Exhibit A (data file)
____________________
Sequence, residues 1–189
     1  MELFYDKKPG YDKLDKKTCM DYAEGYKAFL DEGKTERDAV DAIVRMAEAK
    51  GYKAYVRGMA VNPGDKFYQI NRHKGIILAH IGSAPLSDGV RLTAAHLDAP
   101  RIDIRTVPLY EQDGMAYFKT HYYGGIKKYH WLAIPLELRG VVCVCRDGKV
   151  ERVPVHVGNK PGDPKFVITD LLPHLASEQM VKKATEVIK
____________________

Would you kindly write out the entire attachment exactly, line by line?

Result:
Sequence, residues 1–189
     1  MELFYDKKPG YDKLDKKTCM DYAEGYKAFL DEGKTERDAV DAIVRMAEAK
    51  GYKAYVRGMA VNPGDKFYQI NRHKGIILAH IGSAPLSDGV RLTAAHLDAP
   101  RIDIRTVPLY EQDGMAYFKT HYYGGIKKYH WLAIPLELRG VVCVCRDGKV
   151  ERVPVHVGNK PGDPKFVITD LLPHLASEQM VKKATEVIK